Night of the Comet Review

When the Earth passes through the tail of a comet, those outside watching the show are turned into piles of red dust. Only those who were inside have survived, and those partially exposed have become flesh-eating zombies.Among the only survivors are Californian teenagers Regina (Catherine Mary Stewart) and her younger cheerleader sister Samantha (Kelli Maroney)…

On its release in 1984, Night of the Comet, written and directed by Thom Eberhardt, attracted some good reviews for being a smartly-written SF/horror low-budgeter. The premise is pure B-movie schlock, derived in part in its early stages from The Day of the Triffids. (I could rain on this film’s parade and say that the Earth has passed through a comet’s tail at least once in history, through that of Halley’s Comet in 1910 , to zero effect.) But what makes the film are the two vivacious female leads, who give the film considerable energy and fun in its first half as two Valley girls whose response to the apocalypse is…to go shopping for free, in a sequence cut to “Girls Just Wanna Have Fun” (though not the Cyndi Lauper version). Robert Beltran gets top billing for much less screen time, and is less interesting.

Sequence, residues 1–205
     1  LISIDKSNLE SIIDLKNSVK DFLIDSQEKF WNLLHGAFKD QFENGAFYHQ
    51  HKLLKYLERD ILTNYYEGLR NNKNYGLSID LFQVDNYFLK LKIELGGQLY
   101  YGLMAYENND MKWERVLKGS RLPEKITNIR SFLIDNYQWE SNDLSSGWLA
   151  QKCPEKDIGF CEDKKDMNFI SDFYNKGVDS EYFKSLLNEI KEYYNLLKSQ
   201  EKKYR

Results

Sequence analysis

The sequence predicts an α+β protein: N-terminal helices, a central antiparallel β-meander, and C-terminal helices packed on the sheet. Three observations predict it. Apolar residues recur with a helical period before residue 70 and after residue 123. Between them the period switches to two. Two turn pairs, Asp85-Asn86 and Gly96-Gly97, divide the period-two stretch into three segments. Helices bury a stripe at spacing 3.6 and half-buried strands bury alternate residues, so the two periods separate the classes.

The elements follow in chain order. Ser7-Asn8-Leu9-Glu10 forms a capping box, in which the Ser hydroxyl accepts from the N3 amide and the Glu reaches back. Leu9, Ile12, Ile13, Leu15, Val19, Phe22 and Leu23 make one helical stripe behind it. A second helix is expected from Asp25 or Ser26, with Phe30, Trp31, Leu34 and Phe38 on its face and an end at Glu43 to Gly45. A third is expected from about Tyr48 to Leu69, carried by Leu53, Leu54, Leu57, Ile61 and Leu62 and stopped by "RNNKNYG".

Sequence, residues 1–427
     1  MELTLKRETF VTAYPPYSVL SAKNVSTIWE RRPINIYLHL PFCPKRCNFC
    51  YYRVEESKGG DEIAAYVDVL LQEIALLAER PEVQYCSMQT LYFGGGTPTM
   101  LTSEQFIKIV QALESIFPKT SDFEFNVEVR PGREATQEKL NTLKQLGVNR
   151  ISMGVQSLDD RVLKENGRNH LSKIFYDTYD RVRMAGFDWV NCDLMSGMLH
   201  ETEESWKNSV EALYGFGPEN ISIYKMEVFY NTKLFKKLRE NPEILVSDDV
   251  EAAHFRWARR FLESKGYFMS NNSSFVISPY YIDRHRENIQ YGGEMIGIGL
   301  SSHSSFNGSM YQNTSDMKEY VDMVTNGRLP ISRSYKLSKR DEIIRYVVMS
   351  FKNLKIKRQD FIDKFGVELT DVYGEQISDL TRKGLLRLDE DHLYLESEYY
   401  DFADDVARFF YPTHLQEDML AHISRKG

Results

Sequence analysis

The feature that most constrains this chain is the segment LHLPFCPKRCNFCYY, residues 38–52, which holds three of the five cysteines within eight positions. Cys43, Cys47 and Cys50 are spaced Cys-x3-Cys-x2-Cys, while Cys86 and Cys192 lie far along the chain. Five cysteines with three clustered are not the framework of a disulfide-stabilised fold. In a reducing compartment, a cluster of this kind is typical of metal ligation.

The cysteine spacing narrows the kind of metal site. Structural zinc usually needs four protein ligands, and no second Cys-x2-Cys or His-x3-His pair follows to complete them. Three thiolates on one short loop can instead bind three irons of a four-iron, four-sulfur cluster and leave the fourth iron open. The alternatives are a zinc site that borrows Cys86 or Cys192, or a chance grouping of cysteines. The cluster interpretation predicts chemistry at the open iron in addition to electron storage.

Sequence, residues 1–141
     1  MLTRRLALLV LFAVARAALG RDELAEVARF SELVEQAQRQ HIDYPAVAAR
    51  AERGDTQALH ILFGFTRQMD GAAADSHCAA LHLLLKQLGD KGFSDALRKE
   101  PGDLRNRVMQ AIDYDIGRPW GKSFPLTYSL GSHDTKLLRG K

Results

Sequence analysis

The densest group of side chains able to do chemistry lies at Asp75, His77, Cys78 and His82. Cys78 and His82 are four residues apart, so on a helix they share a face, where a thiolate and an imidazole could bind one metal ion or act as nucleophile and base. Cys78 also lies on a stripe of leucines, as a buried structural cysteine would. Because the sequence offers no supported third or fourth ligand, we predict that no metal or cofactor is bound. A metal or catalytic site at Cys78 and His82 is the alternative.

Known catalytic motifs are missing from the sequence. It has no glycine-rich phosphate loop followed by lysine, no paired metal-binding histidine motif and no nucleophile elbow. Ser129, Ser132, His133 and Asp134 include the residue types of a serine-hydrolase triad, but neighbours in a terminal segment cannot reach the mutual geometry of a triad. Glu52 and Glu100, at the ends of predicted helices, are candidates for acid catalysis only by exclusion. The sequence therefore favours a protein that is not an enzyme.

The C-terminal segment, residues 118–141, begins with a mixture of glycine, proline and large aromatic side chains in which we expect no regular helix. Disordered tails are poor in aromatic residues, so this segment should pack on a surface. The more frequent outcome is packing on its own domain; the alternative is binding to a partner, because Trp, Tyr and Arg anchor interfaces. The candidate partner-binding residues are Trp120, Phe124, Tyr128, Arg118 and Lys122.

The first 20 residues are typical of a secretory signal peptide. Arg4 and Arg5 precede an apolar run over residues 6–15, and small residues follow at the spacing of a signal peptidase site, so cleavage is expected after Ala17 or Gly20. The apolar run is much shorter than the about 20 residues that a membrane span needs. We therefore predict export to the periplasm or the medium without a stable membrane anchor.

With its red skies, Night of the Comet looks at times like something off MTV at the time, and Arthur Albert’s cinematography has the overlit (and heavily filtered) look of a film largely expected to be watched on video. The last half hour devolves into a series of chases with the girls, the zombies, some scientists who had hidden underground when the comet passed, and a marauding gang. Eberhardt clearly knows his movies: Regina’s swiftly-dispatched boyfriend is trying to arrange a showing of a rare 3D print of It Came from Outer Space and there is a poster for the Clark Gable/Jean Harlow Pre-Code Red Dust (ho ho) on the back of his door.

Thom Eberhardt had previously made Sole Survivor, a perennial on what's-that-film lists. Stewart and Maroney continue to act to this day, but not much they have done since has had a great deal of impact.

The Disc: Optimum’s edition of Night of the Comet is on a single-layered disc encoded for Region 2 only.

The DVD transfer is in the original ratio of 1.85:1 and anamorphically enhanced. It's a little soft, no doubt reflecting the low budget and the heavy use of red filters in exterior scenes. It's an acceptable transfer of an older film presumably not endowed with an HD master.

Films were still being released with mono soundtracks in 1984, especially low-budgeters. And Night of the Comet is not an exception to this. The soundtrack is well-balanced with the dialogue clear and David Richard Campbell's synth-heavy score quite prominent. This is just as well as (you guessed it) there are no subtitles available. There are no extras either.

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